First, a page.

Supermarkets are still piling it high and selling it cheap
Supermarkets are still piling it high and selling it cheap, but premiumisation is driving value back into fresh produce.
Brits have splashed out an extra £117.4m on fresh fruit & veg - a marked turnaround from last year’s £185.9m loss. Spend on fruit has surged by £175.6m (4.0%), while the £58.2m (-1.3%) drop in veg sales is much more palatable than last year’s £317.6m loss.
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Data supplied by nielsen.com
Having said that, fresh produce is still a key battleground for the price war, with price cuts driving further losses on bestsellers. Another £43.5m has been wiped off combined sales of apples, grapes and bananas, while potatoes, tomatoes and mushrooms have suffered a total loss of £48.6m.
But growing demand for more expensive varieties is boosting sales in both categories. In fruit, avocados, blueberries, strawberries and raspberries are the biggest winners - reflecting the desire for “convenience, excitement and taste,” says British Growers Association CEO Jack Ward.
The appetite for something a little bit different is also driving value back into veg, with Brits spending more on premium lines like spinach, pumpkin, chillis and artichokes.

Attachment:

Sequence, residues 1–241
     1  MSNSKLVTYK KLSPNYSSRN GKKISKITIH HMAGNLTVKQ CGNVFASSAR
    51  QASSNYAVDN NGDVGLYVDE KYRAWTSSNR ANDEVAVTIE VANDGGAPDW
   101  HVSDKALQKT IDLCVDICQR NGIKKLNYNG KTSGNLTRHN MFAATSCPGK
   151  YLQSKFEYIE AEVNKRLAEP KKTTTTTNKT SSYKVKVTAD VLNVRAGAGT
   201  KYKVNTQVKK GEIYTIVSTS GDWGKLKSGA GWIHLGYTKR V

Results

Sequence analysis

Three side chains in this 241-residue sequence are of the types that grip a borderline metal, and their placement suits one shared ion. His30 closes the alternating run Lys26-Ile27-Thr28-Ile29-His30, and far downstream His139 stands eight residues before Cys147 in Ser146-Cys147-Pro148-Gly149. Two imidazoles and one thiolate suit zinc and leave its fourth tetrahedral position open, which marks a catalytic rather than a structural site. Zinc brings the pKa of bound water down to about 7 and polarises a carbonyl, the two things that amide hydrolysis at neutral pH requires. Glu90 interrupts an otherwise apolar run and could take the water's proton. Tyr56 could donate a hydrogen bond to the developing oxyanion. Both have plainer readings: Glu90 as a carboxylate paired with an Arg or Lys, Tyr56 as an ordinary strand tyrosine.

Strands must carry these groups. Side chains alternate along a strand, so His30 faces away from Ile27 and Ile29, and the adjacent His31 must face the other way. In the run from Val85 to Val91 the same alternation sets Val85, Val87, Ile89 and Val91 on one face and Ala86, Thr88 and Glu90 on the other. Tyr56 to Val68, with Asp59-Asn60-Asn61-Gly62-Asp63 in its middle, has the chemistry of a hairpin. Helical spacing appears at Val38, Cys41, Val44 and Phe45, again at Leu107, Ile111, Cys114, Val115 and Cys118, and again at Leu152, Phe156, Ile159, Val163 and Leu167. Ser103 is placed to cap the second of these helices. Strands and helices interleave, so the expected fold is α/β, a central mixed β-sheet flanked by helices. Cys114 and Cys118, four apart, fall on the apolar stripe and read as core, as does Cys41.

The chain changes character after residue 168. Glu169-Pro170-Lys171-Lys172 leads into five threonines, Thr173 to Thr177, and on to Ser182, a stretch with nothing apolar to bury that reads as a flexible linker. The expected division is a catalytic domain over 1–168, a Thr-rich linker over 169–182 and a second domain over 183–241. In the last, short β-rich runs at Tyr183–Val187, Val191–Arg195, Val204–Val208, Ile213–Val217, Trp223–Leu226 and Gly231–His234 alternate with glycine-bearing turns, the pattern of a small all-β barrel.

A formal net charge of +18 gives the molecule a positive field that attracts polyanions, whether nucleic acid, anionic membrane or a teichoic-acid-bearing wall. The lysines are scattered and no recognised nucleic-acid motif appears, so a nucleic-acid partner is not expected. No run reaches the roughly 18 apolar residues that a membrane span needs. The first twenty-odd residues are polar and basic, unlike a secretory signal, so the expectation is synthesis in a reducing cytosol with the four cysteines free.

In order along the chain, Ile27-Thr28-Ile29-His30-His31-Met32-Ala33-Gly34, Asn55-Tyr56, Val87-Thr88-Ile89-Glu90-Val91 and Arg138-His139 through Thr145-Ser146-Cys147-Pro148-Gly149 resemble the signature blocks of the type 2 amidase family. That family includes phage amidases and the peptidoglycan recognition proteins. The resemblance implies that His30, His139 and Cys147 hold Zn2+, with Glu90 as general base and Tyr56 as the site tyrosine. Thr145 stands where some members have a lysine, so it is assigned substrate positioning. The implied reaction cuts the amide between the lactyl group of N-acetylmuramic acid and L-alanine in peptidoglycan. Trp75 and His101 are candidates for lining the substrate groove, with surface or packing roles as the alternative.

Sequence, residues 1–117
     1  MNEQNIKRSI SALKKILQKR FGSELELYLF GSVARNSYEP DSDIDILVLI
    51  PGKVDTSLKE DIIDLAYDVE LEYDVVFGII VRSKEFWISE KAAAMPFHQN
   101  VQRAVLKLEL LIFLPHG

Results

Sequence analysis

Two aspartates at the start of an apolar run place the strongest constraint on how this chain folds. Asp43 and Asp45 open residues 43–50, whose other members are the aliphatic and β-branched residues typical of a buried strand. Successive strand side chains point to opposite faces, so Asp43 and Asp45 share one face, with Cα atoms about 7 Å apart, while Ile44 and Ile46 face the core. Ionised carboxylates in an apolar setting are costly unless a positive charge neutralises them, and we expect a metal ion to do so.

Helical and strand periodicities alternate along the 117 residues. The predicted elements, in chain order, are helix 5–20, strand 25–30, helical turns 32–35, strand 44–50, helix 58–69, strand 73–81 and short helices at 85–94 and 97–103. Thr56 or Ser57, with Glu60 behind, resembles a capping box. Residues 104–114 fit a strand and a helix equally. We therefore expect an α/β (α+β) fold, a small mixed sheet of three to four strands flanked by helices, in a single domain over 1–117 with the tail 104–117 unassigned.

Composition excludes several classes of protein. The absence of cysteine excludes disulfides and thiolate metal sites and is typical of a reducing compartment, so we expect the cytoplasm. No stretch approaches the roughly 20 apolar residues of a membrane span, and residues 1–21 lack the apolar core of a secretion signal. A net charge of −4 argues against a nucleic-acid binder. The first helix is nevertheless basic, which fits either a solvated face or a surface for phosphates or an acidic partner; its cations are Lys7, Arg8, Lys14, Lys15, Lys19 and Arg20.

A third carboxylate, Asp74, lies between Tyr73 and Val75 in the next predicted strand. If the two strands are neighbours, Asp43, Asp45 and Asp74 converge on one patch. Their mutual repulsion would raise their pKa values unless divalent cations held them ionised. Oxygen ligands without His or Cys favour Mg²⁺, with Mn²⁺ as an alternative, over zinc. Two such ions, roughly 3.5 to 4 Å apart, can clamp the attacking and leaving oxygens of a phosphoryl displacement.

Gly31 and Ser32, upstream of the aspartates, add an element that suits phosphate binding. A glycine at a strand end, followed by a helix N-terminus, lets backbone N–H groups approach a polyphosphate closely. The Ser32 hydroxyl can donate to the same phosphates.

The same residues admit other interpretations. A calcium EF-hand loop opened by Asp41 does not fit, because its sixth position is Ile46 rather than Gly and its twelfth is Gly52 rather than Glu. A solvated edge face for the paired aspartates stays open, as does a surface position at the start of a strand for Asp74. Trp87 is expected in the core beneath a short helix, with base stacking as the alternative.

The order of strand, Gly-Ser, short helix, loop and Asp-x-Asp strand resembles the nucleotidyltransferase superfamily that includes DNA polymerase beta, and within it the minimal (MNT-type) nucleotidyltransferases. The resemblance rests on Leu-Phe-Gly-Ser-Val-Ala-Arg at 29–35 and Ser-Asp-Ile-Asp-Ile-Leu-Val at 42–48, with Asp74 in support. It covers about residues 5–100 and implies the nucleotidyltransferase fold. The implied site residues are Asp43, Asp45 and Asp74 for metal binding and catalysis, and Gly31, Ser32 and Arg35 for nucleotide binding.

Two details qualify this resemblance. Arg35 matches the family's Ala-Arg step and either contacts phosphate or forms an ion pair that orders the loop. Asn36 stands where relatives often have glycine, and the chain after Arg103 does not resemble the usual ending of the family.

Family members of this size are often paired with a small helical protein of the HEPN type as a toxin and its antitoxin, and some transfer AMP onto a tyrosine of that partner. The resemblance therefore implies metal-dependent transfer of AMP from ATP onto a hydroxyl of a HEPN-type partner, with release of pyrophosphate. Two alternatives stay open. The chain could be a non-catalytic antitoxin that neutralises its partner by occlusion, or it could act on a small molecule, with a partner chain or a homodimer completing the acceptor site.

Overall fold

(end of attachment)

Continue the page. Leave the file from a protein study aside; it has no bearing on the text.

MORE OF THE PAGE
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“We have seen great success in more ‘unusual’ items such as young coconut, kalettes, speciality broccoli, cavolo nero and Rivolo tomatoes,” says Emma Byrne, head of fresh produce at Lidl. “With the rise of popularity in cooking shows and focus on healthy eating, customers are looking at and willing to try new things.”
Spend on some traditional veg like courgettes (12.4%) is also increasing as the low-carb craze inspires shoppers to spiralise. “The idea of doing something new with vegetables has the potential to breathe new life into old favourites,” says Ward.
It isn’t just an appetite for adventure that is helping stabilise sales. Although average prices have fallen again, deflation has halved from the previous year, which is helping reduce losses on bestselling veg. Potato sales, for example, have fallen by just £34.8m (-3.9%) compared with a huge £122.9m loss last year. “Although spend in the category remains under pressure due to lower prices, the year-on-year decline is reducing,” says AHDB potatoes analyst Rebecca Hughes.
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